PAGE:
A Look at the Future of the Housing Market
In some of the worst housing markets in the country, deflation has reached double-digit proportions. While housing woes have reached around the country, California appears to be poised to rank among the worse. One of the primary reasons for this is the fact that in the last several months California has experienced the largest rate of deflating home prices. In fact, home prices in California have fallen at levels that have been unprecedented.
Miami, Florida has also proven to be a difficult market at the moment. Here, the weak mortgage market and record-high rates of foreclosures have led to decreasing home values as well. In fact, Miami has been among the worst home markets in the country for two years running. The condo boom in Miami just a few years ago has fueled further problems that have now spiraled into a massive real estate bust.
While Florida and California may have been easy to predict as being among the first housing markets to crumble when the real estate market crashed, there are other markets that are on the precipice of falling which have not been as easy to predict. One of the primary reasons that Florida and California were poised to fall so rapidly was rapidly escalating home values during the boom a few years ago.
Other markets; however, did not rise as much or as quickly, which could be one reason why they have managed to avoid reaching the top of the list; at least until now. These markets include Arizona, Nevada, Indiana, and Massachusetts. Declining home prices, as well as high rates of foreclosures in these states, are also contributing to their worsening real estate market conditions. In Michigan, where layoffs have been significant, the economy is playing a strong role.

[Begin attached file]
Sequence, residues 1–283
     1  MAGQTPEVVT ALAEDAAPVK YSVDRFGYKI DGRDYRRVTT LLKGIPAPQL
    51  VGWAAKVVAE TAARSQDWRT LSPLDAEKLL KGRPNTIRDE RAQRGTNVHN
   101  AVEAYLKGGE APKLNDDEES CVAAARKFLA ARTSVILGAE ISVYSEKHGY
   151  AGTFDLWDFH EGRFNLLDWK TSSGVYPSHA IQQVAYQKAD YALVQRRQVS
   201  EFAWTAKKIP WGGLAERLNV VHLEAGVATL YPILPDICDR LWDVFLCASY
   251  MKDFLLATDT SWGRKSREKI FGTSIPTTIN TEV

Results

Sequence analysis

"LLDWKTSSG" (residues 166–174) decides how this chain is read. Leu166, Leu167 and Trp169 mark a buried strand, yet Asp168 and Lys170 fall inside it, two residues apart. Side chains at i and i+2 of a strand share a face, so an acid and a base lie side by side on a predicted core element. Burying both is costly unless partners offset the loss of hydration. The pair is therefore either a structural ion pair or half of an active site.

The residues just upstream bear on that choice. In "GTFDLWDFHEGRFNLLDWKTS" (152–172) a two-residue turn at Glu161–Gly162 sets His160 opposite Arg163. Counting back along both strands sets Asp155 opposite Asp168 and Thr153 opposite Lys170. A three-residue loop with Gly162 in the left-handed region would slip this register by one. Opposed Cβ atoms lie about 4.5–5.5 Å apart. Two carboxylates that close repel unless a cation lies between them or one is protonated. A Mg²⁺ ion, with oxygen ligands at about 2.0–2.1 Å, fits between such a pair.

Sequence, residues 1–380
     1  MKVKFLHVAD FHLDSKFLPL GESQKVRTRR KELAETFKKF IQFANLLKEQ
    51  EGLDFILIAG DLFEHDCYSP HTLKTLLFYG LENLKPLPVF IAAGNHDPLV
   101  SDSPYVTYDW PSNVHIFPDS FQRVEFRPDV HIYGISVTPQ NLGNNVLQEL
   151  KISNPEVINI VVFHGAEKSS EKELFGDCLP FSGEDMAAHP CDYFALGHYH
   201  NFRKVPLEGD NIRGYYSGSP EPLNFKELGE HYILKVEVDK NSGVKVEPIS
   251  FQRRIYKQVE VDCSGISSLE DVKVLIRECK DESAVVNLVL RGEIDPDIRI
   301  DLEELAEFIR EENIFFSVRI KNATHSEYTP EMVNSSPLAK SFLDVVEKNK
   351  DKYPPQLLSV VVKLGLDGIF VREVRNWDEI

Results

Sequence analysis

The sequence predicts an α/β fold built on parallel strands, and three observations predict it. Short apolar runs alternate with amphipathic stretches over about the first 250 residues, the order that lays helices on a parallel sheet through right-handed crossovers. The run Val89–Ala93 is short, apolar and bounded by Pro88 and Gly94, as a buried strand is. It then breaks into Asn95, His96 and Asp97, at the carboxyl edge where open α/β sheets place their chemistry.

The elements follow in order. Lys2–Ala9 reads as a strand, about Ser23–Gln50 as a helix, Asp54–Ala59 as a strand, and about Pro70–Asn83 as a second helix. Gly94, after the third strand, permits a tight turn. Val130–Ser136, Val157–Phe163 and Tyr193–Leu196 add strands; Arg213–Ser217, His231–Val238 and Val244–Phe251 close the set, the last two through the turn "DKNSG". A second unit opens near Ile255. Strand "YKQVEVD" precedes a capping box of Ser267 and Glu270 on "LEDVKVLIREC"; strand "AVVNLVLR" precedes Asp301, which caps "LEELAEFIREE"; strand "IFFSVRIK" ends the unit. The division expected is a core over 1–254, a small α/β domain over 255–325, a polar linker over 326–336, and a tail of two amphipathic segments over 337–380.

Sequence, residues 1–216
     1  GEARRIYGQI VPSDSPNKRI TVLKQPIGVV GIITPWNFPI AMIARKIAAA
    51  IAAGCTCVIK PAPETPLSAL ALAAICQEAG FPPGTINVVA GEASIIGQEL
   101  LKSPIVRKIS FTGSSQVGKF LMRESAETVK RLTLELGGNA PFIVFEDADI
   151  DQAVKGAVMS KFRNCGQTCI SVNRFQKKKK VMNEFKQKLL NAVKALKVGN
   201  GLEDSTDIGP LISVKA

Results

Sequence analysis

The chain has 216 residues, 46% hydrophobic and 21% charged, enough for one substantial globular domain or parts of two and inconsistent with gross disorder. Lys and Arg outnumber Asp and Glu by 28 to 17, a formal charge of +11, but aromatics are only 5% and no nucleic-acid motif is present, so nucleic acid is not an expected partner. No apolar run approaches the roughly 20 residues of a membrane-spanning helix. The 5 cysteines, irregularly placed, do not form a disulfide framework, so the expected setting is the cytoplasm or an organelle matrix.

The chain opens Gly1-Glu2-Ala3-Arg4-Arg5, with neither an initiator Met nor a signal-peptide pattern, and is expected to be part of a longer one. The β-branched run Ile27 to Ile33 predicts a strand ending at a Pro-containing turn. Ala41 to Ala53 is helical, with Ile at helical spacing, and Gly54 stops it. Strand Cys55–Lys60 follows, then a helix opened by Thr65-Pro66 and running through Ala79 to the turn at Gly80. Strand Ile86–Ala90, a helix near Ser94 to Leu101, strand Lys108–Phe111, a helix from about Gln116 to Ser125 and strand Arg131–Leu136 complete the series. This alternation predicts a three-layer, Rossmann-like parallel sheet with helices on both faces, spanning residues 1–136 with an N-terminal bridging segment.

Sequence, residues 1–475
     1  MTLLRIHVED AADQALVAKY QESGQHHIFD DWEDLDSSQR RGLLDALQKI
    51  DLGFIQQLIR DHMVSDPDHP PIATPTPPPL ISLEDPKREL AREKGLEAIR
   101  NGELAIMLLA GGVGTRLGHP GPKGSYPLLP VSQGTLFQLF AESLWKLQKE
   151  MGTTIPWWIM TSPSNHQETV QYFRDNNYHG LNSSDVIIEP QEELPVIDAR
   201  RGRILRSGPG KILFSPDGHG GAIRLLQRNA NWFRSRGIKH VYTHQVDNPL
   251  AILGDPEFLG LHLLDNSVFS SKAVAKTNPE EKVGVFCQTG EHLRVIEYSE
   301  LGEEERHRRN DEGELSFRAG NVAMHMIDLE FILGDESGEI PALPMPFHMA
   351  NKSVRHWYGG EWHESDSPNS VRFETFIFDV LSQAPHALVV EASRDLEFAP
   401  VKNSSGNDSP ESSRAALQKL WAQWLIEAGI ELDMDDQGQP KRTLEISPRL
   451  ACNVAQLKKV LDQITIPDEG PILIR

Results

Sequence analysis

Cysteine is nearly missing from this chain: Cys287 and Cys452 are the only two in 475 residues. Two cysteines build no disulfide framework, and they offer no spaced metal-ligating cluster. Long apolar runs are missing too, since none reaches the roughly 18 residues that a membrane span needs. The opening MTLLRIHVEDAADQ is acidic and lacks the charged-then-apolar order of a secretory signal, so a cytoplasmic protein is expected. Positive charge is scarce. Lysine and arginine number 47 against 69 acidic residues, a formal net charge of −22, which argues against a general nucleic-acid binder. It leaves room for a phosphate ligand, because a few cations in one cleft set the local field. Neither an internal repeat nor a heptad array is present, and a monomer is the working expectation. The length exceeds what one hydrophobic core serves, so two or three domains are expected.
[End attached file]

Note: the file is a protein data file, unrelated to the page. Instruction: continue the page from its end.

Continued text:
Problems are expected to grow worse in many markets as several million adjustable-rate mortgages are scheduled to be reset in the coming months. As these mortgages are reset, it is logical to assume that even more homeowners will find themselves facing the reality of being unable to pay their monthly mortgage payments in certain markets. When that happens they will be forced to either face foreclosure or in some cases make a short sell on their home as refinancing is becoming less and less of an option for many homeowners.
According to most statistics, the remainder of 2008 is still poised for problems in the housing market. Many statistics indicate that home values could continue to drop and new homes could experience a loss of up to 18% before the year is out. While there are some indications that the market could begin to level off at the end of 2008 or the beginning of 2009, many experts are quick to warn that when the market does begin to rebound it will not reach the point where it left off. In comparison to the housing peak of 2005, the rebounded market could still be quite a bit lower. Part of the reason for this is that in many areas, prices escalated so quickly that there is simply no way for prices to rebound back to that point.
Still, there may be some homes for certain areas. In many markets, sub-prime mortgages have either left the market through quick sales or foreclosure. The stimulus package that is on the horizon is anticipated to help the housing market in many areas.
First-time home buyers may soon find the relief they have been seeking since they were forced out of the market; however, it may be longer before homeowners begin to experience that same kind of recovery. This is because most homeowners are still reluctant to sell and lose the equity they once had in their homes. The simple fact is that many homeowners have yet to accept the fact that they can no longer get the same prices that were possible just a few short years ago.